Osprey Chick Boot Camp. And Other Life Lessons.

The Osprey chick is in boot camp. Mama Sandy is trying to get her ‘wingersizing’. It’s time to strengthen her wings by exercising them.  And to improve her self-confidence after the tragedy that killed her sibling two weeks ago. So now Mama Sandy is often retreating to her perch to give the little one room to move around in the nest and spread her wings. Why do I say her? It is because I snapped this picture the other night at sunset time when Dylan walked me through the marsh.

osprey chick at sunrise ud125Her ‘necklace’ is very much like Sandy’s. So it’s a girl. Again. In the last few years Sandy and Stanley have produced mostly girls: one girl in 2014, two girls and one boy in 2015 and one girl in 2016.

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Now this girl needs to learn to fly. But she is not yet exercising enough. At least in Sandy’s opinion. So yesterday when I sat on “my” bench watching the nest, I saw Sandy teaching her. By role modeling flight from start to end. She walked the talk, so to speak. She took off from the perch and just flew around for a minute. And landing back on the perch she demonstrated her well-practiced “come-from-below” approach.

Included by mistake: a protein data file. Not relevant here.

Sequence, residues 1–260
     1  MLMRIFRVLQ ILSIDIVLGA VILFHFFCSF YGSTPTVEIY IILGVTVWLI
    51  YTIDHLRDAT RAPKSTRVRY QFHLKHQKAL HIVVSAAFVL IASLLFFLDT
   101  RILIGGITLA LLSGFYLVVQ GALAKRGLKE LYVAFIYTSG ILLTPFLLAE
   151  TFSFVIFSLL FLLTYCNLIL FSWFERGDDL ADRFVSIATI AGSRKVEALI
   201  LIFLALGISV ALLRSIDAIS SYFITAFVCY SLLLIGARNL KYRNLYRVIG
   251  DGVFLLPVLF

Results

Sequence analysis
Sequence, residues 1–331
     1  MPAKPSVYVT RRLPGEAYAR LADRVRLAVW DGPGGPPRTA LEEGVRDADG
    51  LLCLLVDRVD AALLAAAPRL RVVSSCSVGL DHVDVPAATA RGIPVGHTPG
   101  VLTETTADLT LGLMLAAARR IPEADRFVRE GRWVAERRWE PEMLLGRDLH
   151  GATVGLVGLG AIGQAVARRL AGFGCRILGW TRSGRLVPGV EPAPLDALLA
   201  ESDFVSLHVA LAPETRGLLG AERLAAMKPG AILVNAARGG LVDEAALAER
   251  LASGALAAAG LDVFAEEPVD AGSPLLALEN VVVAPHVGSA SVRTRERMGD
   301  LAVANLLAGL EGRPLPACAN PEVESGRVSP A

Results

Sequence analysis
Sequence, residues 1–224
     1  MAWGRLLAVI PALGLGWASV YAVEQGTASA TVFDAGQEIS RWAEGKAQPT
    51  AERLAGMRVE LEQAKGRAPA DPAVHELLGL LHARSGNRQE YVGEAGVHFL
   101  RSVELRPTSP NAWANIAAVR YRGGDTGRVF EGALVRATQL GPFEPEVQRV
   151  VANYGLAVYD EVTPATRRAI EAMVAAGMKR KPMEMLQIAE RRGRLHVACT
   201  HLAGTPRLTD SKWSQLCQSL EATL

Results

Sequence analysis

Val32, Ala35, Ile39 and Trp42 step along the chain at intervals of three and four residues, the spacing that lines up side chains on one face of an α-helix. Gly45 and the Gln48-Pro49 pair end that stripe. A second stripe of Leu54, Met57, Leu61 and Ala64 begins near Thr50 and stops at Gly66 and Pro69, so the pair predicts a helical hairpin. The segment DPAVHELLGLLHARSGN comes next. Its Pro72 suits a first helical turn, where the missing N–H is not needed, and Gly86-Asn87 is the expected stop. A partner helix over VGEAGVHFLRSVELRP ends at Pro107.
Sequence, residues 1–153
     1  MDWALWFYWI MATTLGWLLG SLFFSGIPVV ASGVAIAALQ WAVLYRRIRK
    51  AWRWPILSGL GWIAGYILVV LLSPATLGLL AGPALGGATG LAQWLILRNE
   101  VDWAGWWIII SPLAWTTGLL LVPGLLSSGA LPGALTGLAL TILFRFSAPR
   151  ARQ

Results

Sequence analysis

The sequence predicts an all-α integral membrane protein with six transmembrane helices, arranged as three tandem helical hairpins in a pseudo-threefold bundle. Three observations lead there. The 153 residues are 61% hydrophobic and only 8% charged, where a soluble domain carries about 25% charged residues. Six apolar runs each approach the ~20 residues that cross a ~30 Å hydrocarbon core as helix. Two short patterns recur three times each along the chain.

mama osprey flies around the nest ud125

Mama osprey returns ud125She did this repeatedly. She did not go anywhere, just flew around the nest so the chick could see her. And the chick watched intently. Even flexed her wings a few times.

osprey chick watches mama flying ud125

osprey chick streches her wings ud125

Mama osprey lands on the perch ud125I was impressed by Sandy’s home schooling skills. Then my camera battery warning light began blinking. I started to change the battery. And…like so often previously, that’s when Stanley appeared. My camera’s bottom wide open, I watched him zoom in, leave the fish to Sandy and leave. Sandy divided it into two pieces and they started to eat.

mama osprey and chick are eating ud125_edited-1The chick was hungry and wanted more. Or maybe her piece was smaller.

mama osprey and the chick ud125_edited-1In any case, after Sandy had eaten enough, she started to feed the chick.

osprey female feeds the chick ud125_edited-1Perhaps Sandy made a point right there. If you’re a baby and don’t want to learn to fly, I’m going to feed you like a baby. Or maybe that’s just my speculation. In any case, the chick’s recovery seems to be going quite well. The intensive flight preparation classes should get her airborne shortly.

After spending quite a bit of time with the Osprey family, I only had time to walk quickly around the marsh. I spotted my friend, the beautiful Tri-colored Heron.